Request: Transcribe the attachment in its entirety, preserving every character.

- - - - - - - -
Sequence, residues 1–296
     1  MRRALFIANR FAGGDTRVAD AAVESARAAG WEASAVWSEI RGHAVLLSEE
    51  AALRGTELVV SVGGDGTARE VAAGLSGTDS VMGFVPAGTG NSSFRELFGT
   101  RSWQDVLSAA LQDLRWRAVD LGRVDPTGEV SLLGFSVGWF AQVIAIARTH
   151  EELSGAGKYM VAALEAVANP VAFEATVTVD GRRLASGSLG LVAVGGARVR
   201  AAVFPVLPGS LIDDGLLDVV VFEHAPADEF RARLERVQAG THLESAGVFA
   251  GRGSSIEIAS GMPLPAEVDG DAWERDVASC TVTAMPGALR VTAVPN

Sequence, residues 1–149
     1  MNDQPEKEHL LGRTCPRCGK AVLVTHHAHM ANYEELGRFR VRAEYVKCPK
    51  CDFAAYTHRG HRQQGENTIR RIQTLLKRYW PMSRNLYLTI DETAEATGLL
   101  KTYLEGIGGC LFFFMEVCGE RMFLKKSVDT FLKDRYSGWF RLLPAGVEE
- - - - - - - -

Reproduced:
Sequence, residues 1–296
     1  MRRALFIANR FAGGDTRVAD AAVESARAAG WEASAVWSEI RGHAVLLSEE
    51  AALRGTELVV SVGGDGTARE VAAGLSGTDS VMGFVPAGTG NSSFRELFGT
   101  RSWQDVLSAA LQDLRWRAVD LGRVDPTGEV SLLGFSVGWF AQVIAIARTH
   151  EELSGAGKYM VAALEAVANP VAFEATVTVD GRRLASGSLG LVAVGGARVR
   201  AAVFPVLPGS LIDDGLLDVV VFEHAPADEF RARLERVQAG THLESAGVFA
   251  GRGSSIEIAS GMPLPAEVDG DAWERDVASC TVTAMPGALR VTAVPN

Sequence, residues 1–149
     1  MNDQPEKEHL LGRTCPRCGK AVLVTHHAHM ANYEELGRFR VRAEYVKCPK
    51  CDFAAYTHRG HRQQGENTIR RIQTLLKRYW PMSRNLYLTI DETAEATGLL
   101  KTYLEGIGGC LFFFMEVCGE RMFLKKSVDT FLKDRYSGWF RLLPAGVEE